Pressure on UK and EU to tackle destructive fishing

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Recent news confirms that destructive industrial fishing remains one of the greatest threats to marine life in UK and European waters, highlighting the need for urgent action.

Shocking figures reported in the Guardian this week show that:

  • 230,000 tonnes of fish were killed and discarded in the EU in 2019.
  • 92% of this wasted life was the result of bottom trawling, which also damages ocean habitats.
  • 80% of fisheries subsidies drive overfishing by supporting industrial fleets.

In the UK, the government recently introduced bylaws to manage bottom trawling in Dogger Bank and three other Marine Protected Areas (MPAs). The bad news is that not all of these sites will be fully protected, and 60 MPAs around the UK are still vulnerable to fishing activity.

Industrial fishing has many negative impacts on cetaceans, from dolphins being killed in the nets of large-scale pelagic ‘supertrawlers’ to whales suffering from dangerous levels of noise created by bottom-towed gear.

Since leaving the EU, the UK has the power to effectively ban destructive fishing from its waters by restricting vessel licenses – a step that we at the WCA and Sussex Dolphin Project believe is necessary to prevent further deaths of dolphins and other wildlife as bycatch.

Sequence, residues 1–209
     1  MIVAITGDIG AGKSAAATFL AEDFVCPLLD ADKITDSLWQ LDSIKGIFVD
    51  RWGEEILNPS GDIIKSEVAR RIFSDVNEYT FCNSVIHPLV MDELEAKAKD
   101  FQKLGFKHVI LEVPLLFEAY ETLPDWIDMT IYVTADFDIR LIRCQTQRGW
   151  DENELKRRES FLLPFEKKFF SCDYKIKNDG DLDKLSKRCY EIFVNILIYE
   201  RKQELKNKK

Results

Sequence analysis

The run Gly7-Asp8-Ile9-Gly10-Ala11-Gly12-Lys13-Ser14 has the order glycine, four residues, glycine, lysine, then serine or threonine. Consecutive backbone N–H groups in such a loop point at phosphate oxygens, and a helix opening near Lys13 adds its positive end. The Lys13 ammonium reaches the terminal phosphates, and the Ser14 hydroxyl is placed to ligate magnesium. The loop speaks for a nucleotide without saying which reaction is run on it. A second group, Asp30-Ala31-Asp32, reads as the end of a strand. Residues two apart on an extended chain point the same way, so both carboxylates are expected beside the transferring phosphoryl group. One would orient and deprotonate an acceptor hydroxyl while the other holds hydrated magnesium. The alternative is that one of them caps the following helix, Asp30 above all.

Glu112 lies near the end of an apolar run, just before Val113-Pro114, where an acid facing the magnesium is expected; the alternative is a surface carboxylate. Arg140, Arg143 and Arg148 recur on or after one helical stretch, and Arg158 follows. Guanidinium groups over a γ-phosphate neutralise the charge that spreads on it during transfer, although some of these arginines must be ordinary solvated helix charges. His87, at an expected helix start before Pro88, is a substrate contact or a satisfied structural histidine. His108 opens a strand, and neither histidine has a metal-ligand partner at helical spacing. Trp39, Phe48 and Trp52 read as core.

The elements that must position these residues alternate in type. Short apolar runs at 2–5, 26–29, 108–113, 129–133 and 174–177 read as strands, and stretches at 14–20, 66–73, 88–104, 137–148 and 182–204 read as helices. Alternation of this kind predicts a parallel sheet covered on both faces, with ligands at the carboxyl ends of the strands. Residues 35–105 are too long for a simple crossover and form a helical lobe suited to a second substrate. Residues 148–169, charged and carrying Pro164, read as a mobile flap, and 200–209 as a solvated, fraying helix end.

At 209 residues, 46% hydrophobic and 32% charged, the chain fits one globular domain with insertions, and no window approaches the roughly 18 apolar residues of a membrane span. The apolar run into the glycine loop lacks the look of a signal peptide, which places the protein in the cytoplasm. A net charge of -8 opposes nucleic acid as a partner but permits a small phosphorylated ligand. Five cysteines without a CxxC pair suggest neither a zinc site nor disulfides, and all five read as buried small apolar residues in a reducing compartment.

A common dolphin killed as bycatch on the Sussex coast.

It’s clear that current measures simply don’t go far enough, as shown by this week’s protest from small-scale, inshore fishers in the UK and France, who are calling for destructive fishing vessels to be banned from MPAs in the Channel.

We’re continuing to work with inshore fishers in Sussex and beyond who support our ‘Dolphins Aren’t Discard’ campaign and share our commitment to a healthy ocean. As part of our feedback on the draft Joint Fisheries Statement, we’ve demanded to see strong, timebound actions from the UK government to end bycatch, including financial support for sustainable inshore fishers to implement solutions.

Earlier this month, we also urged Members of the European Parliament (MEPs) to vote for a ban on bottom trawling in EU MPAs. Disappointingly, this opportunity was weakened by an amendment to apply the ban to strictly protected areas only. However, the majority of MEPs recognised the severity of the issue and called on the EU Commission to tackle the damage caused by bottom trawling, as well as the need to ban extractive industrial activities in all MPAs.

Most recently, Fisheries MEPs have issued a statement today asking for EU countries to improve their allocation of fishing quotas by taking environmental factors such as energy consumption and habitat damage into account.

We know that destructive fishing is killing marine wildlife, harming habitats, and contributing to the climate crisis. It’s beyond time for the UK and EU to respond to environmental concerns and step up to end this problem.

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